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New Jersey Division of Fire Safety issues holiday season safety tips

NEW JERSEY – Now that the holiday season is underway, the New Jersey Department of Community Affairs’ (DCA) Division of Fire Safety (NJDFS) is reminding residents of the increased risk of fire that seasonal decorations such as live trees, ornaments, lights, and candles can present in the home.

“The holidays are a joyous time as we celebrate many religious, cultural, and spiritual traditions in New Jersey, but we want everyone to be aware of the inherent risk of fire during this time of the year,” said Lt. Governor Sheila Y. Oliver, DCA Commissioner. “Please pay special attention to these important tips as you are decorating and cooking this holiday season so we can make it safe and enjoyable for everyone.”

Holiday related hazards can include dry and unwatered natural trees, decorations both inside and outside the home and burning candles left unattended. Additionally, with the onset of cold weather, the use of both traditional and alternative home heating devices, and the possibility of long-term power failures resulting from severe storms, can increase the possibility of fire and carbon monoxide poisoning.

“With the heating and holiday season in full swing, we’re advising all residents to read and follow these safety tips along with local fire department recommendations and common fire safety procedures to help to make this holiday a safe one,” said Richard Mikutsky, State Fire Marshal and Director of the Division of Fire Safety.

The following are simple steps and precautions people can take to prevent fires during the holiday season: 


  • It is best to use battery-operated candles, which have all the essentials of a live candle, without the risk of an open flame.
  • A pillar candle with a thick base, or ideally contained in glass, is a better choice for a live candle. They have a wider platform on a surface and are less susceptible to being knocked over. Placing a candle inside a glass globe offers more protection.
  • For additional protections, keep live candles away from flammable surfaces by at least a foot, including draperies, curtains, and loose fabric.
  • Once lighted, it is best not to move a candle, as it is hot to the touch and may cause it to fall.
  • Do not leave candles unattended. Keep them in one location and make sure at least one person is present when they are lit.
  • When a candle is extinguished, use a metal candlesnuffer. Blowing out a candle may send a hot ember to a flammable surface.


  • Choose a tree with fresh, green needles that do not fall off when touched.
  • Take advantage of fire-resistant alternatives to live trees.
  • If using a live tree, keep the tree well-watered, away from any heat source, and dispose of it at the first sign of dryness.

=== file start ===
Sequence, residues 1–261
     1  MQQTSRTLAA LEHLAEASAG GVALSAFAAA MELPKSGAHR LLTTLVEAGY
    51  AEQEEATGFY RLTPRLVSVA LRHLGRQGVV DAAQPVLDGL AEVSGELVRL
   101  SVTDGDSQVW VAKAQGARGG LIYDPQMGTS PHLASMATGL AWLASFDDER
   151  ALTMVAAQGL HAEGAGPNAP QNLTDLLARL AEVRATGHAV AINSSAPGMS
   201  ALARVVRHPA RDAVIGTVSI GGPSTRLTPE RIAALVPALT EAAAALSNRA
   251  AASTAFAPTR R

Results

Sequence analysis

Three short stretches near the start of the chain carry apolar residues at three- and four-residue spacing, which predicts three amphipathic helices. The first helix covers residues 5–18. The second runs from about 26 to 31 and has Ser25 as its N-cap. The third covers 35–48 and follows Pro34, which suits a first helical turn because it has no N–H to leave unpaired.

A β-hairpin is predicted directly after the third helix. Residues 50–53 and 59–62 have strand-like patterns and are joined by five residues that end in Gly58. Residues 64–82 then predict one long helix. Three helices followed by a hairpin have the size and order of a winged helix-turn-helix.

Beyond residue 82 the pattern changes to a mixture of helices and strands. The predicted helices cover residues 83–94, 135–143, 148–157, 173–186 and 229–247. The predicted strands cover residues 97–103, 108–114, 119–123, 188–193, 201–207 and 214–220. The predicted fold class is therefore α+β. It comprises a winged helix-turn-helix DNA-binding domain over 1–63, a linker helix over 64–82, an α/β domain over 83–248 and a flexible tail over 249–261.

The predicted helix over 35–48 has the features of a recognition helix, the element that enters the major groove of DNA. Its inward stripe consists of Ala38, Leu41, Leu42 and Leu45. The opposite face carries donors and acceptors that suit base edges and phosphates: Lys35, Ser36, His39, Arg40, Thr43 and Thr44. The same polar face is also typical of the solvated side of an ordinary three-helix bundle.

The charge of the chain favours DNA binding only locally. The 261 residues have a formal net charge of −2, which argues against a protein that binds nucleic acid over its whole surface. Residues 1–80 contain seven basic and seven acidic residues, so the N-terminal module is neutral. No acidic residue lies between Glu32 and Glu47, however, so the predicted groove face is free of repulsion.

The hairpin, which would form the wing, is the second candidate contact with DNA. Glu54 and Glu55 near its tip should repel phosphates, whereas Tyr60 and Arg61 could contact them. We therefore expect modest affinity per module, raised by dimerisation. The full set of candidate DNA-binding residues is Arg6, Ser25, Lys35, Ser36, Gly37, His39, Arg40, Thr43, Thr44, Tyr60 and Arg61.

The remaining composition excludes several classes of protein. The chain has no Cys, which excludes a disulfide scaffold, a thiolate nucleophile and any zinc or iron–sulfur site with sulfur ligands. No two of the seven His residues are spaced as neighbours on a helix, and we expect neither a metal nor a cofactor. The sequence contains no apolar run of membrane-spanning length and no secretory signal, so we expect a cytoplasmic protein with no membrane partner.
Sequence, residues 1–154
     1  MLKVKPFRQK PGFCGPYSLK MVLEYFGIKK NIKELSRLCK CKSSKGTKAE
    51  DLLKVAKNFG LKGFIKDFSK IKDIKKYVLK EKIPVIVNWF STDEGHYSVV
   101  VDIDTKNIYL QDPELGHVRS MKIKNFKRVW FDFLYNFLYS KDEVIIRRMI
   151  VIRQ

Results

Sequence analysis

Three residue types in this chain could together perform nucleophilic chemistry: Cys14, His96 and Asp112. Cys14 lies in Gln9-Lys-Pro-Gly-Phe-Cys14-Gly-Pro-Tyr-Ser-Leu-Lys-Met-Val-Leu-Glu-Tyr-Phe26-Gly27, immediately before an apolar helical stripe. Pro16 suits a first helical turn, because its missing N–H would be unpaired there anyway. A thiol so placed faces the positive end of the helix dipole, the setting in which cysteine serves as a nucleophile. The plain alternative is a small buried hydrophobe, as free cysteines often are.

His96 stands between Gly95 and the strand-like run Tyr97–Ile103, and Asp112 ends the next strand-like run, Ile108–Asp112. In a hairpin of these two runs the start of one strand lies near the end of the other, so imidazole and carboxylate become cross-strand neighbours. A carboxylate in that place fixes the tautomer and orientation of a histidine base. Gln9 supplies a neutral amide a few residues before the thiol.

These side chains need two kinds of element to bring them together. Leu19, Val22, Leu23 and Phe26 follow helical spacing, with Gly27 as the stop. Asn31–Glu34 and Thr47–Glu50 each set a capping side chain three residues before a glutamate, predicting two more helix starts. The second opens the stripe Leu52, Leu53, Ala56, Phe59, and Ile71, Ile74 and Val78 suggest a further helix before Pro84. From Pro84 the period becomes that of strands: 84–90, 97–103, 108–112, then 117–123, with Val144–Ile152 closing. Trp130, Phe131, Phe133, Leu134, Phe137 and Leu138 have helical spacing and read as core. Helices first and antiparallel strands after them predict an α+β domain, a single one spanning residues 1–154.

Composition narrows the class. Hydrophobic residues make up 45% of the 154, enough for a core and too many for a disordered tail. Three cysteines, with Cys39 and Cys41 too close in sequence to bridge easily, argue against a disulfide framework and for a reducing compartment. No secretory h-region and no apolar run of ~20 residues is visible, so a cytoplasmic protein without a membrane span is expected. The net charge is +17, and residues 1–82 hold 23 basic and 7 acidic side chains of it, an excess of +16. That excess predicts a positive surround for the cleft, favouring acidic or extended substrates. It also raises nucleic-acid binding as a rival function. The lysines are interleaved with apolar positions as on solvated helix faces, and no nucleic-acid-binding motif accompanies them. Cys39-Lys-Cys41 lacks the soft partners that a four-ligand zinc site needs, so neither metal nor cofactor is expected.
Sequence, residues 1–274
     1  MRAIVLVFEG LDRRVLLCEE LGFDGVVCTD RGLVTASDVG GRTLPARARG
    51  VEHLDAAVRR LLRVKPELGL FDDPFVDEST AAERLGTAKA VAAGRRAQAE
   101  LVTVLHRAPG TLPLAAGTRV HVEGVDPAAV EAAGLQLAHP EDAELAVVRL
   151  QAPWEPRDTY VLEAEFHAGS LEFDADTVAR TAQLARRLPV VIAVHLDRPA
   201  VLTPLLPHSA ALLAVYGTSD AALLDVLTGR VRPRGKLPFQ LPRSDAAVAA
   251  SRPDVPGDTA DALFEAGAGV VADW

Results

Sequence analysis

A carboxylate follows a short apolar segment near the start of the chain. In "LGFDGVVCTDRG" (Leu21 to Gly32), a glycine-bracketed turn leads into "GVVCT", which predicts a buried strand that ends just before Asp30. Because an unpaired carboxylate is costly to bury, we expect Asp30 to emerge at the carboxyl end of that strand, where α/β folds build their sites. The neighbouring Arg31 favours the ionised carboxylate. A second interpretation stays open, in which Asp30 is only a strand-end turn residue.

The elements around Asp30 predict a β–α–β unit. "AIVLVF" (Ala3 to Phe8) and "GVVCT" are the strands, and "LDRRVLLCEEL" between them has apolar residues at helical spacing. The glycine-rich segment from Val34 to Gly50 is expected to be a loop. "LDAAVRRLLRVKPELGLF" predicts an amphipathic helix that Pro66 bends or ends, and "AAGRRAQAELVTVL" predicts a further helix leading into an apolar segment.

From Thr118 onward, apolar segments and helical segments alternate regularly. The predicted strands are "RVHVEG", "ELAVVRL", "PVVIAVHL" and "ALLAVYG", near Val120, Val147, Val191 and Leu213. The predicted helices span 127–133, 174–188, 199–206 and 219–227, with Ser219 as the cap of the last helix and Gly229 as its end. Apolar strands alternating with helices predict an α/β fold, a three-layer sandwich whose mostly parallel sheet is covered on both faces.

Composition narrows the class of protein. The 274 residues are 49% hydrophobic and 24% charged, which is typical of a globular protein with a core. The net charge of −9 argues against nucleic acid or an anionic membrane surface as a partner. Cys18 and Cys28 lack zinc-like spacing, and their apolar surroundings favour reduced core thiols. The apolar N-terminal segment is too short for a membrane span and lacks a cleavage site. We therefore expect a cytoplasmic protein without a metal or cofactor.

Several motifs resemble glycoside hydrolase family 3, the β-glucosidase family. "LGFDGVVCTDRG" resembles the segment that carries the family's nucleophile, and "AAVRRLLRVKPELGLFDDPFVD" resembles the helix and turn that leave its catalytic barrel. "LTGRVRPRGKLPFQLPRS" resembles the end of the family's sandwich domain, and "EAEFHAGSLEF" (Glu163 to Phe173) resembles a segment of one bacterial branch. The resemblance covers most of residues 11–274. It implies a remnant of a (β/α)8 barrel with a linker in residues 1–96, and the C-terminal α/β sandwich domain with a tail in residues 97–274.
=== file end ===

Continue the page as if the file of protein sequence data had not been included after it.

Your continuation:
• Only use decorations that are flame-retardant or non-flammable.
  • Check holiday lights each year for frayed wires or excessive wear.
  • Don’t link more than three strands of holiday lights and replace any lights with worn or broken cords or loose bulb connections.
  • Use lights that have the label of a recognized testing laboratory. Some lights are only for indoor or outdoor use.
  • Projectors that provide displays from a single source rather than heat-producing lights can serve as an attractive and safe alternative to traditional decorative lighting.
  • Fireplaces draped with stockings and other décor are a fire hazard. Yule Log alternatives are available via streaming services and on the web and offer the added benefit of accompanying holiday music.
  • Never use lit candles to decorate the tree.
  • Always turn off Christmas tree lights before leaving your house or going to bed.


  • Make certain your space heater has an Oxygen Depletion Sensor (ODS) sensor. ODS sensors are found in units made after 1984 and will turn off the heater if it senses high levels of carbon monoxide.
  • Look for an independent lab label such as UL, which set minimum safety standards for manufacture.
  • Make sure the device has a protective grill in front of the heating element, which is the part that glows.
  • Turn the space heater off when you leave the room.
  • Enforce the “3 Foot Rule” with young children. Keep them at least 3 feet away.
  • Keep bedding, curtains, and clothing 3 feet away from the space heater, as well.
  • Plug space heaters directly into wall outlets. Never use with a household extension cord. Make sure the device has a “tip over” switch that turns the heater off if it’s knocked over.
  • Never run any size cord, extension or hard wired, under a rug where damage can occur unnoticed.

The most effective defense in preventing a fire emergency is to have working smoke and CO alarms on every level of the home coupled with a family escape plan, Mikutsky said

Jay Edwards

Born and raised in Northwest NJ, Jay has a degree in Communications and has had a life-long interest in local radio and various styles of music. Jay has held numerous jobs over the years such as stunt car driver, bartender, voice-over artist, traffic reporter (award winning), NY Yankee maintenance crewmember and peanut farm worker. His hobbies include mountain climbing, snowmobiling, cooking, performing stand-up comedy and he is an avid squirrel watcher. Jay has been a guest on America’s Morning Headquarters,program on The Weather Channel, and was interviewed by Sam Champion.

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